View synonyms for sky


[ skahy ]


, plural skies.
  1. the region of the clouds or the upper air; the upper atmosphere of the earth:

    airplanes in the sky; cloudy skies.

  2. the heavens or firmament, appearing as a great arch or vault.
  3. the supernal or celestial heaven:

    They looked to the sky for help.

  4. the climate:

    the sunny skies of Italy.

  5. Obsolete. a cloud.

verb (used with object)

, skied or skyed, sky·ing.
  1. Informal. to raise, throw, or hit aloft or into the air.
  2. Informal. to hang (a painting) high on a wall, above the line of vision.

verb phrase

  1. Falconry. (of prey, when flushed) to fly straight upward.


/ skaɪ /


  1. sometimes plural the apparently dome-shaped expanse extending upwards from the horizon that is characteristically blue or grey during the day, red in the evening, and black at night celestialempyrean
  2. outer space, as seen from the earth
  3. often plural weather, as described by the appearance of the upper air

    sunny skies

  4. the source of divine power; heaven
  5. informal.
    the highest level of attainment

    the sky's the limit

  6. to the skies
    highly; extravagantly
“Collins English Dictionary — Complete & Unabridged” 2012 Digital Edition © William Collins Sons & Co. Ltd. 1979, 1986 © HarperCollins Publishers 1998, 2000, 2003, 2005, 2006, 2007, 2009, 2012


  1. rowing to lift (the blade of an oar) too high before a stroke
  2. informal.
    tr to hit (a ball) high in the air
“Collins English Dictionary — Complete & Unabridged” 2012 Digital Edition © William Collins Sons & Co. Ltd. 1979, 1986 © HarperCollins Publishers 1998, 2000, 2003, 2005, 2006, 2007, 2009, 2012


/ skī /

  1. The atmosphere, as seen from a given point on the Earth's surface. The sky appears to be blue because the wavelengths associated with blue light are scattered more easily than those that are associated with the other colors.

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Derived Forms

  • ˈskyˌlike, adjective
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Other Words From

  • skyless adjective
  • skylike adjective
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Word History and Origins

Origin of sky1

First recorded in 1175–1225; Middle English, from Old Norse skȳ “cloud,” cognate with Old English scēo “cloud”
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Word History and Origins

Origin of sky1

C13: from Old Norse skӯ; related to Old English scio cloud, Old Saxon skio, Old Norse skjār transparent skin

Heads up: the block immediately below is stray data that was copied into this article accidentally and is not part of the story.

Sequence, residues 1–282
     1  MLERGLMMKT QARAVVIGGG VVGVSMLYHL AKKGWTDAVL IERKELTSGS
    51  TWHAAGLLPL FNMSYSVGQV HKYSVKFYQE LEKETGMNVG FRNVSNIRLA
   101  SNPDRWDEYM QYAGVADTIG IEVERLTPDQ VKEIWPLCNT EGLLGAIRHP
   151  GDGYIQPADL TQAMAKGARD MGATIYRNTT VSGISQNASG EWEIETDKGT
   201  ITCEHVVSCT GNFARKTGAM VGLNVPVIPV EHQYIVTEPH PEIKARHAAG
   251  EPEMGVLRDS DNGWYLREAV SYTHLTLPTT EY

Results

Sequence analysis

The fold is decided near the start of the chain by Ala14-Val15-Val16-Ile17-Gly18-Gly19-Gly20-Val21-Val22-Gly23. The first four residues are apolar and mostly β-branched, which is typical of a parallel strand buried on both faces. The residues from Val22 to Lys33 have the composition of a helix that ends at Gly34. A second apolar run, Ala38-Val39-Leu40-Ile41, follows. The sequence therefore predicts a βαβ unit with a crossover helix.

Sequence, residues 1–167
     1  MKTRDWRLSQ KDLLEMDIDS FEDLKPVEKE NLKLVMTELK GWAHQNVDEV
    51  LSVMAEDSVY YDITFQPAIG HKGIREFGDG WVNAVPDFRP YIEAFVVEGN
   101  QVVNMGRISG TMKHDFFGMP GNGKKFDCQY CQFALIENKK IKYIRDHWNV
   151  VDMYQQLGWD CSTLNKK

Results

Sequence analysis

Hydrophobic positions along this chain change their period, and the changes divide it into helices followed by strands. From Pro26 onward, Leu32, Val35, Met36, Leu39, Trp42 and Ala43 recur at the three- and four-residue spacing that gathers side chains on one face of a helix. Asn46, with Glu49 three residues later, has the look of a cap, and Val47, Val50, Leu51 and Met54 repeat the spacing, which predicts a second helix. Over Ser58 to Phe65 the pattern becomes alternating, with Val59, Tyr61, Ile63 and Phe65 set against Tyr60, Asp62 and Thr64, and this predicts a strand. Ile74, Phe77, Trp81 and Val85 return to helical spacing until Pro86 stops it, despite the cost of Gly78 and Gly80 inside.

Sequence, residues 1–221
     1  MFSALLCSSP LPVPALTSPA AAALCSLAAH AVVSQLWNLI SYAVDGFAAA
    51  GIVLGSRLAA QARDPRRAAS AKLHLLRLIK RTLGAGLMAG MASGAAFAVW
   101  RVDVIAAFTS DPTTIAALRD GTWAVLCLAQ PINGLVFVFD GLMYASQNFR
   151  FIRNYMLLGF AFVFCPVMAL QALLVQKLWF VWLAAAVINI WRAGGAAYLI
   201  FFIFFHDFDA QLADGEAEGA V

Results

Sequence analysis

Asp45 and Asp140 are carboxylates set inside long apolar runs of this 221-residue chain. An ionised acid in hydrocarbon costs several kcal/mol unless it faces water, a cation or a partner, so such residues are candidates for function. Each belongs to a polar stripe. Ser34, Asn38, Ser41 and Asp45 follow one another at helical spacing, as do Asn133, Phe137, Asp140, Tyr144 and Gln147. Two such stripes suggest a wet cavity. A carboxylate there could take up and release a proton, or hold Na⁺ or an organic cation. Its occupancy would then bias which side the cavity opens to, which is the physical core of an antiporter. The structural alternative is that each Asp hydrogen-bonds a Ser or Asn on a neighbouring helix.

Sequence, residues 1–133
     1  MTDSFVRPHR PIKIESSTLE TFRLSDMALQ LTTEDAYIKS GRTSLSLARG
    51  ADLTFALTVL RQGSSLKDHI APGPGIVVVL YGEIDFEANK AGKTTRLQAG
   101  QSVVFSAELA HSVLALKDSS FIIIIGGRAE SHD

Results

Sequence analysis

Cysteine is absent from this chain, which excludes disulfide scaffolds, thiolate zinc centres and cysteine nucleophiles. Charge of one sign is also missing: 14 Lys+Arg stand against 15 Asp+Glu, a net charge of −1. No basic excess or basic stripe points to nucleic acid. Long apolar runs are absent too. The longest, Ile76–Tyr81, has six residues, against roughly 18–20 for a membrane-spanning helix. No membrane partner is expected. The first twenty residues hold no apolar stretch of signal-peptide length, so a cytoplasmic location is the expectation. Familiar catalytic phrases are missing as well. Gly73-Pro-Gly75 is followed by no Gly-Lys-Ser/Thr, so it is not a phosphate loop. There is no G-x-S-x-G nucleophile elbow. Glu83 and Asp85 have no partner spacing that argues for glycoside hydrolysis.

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Idioms and Phrases

  1. out of a / the clear sky, without advance notice or warning; abruptly: Also out of athe clear blue sky.

    An old beau phoned her out of a clear sky.

  2. to the skies, with lavishness or enthusiasm; extravagantly: Also to the sky.

    to praise someone to the skies.

More idioms and phrases containing sky

In addition to the idiom beginning with sky , also see blow sky-high ; out of a clear blue sky ; pie in the sky reach for the sky .
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Example Sentences

Historical accounts of California summers describe months of smoky skies, but as a feature of the landscape, not a bug.

When combined with additional data from other sky surveys, that alignment quantifies how much the matter in the universe is clumped together.

With India’s aviation industry flying through troubled skies, sectors that are dependent on airlines have now started to feel the heat.

From Quartz

If you are working with smaller pieces, each contains less context for figuring out where it came from, especially in parts of the puzzle without any unique clues, like a blue sky.

Four years ago, three big tech companies had plans in the works to beam internet down to Earth from the sky, and each scenario sounded wilder than the next.

They looked up into the blue sky as the helicopters flew over in a lost man formation.

Where these laser-like missiles are falling out of the sky onto a city and you have to stop each of them from hitting the targets?

“At least it keeps the mosquitoes away,” one of my table-mates said, as we watched the swooshes of smoke waft into the Havana sky.

Rob Marshall lets a sigh of relief erupt so loud it could be heard by giants in the sky.

The sky is not the limit; beliefs still must be sincere and connected to some for-real source.

It was the darkest hour of twilight, when there was just enough of gleam from the lurid sky, to shew the outline of objects.

He had seen through a powerful naval glass some figures standing erect and silhouetted against the sky on the parapet.

If it should ever be my lot to take the Long Trail at short notice, I hope it will be under a blue sky and a blazing sun.

The storm, however, was over; the moon and stars were shining in a clear sky, and the aurora was dancing merrily.

We stumbled along, close up, for the thick-piled clouds still hung their light-obscuring banners over the sky.


Definitions and idiom definitions from Unabridged, based on the Random House Unabridged Dictionary, © Random House, Inc. 2023

Idioms from The American Heritage® Idioms Dictionary copyright © 2002, 2001, 1995 by Houghton Mifflin Harcourt Publishing Company. Published by Houghton Mifflin Harcourt Publishing Company.




skutteruditesky blue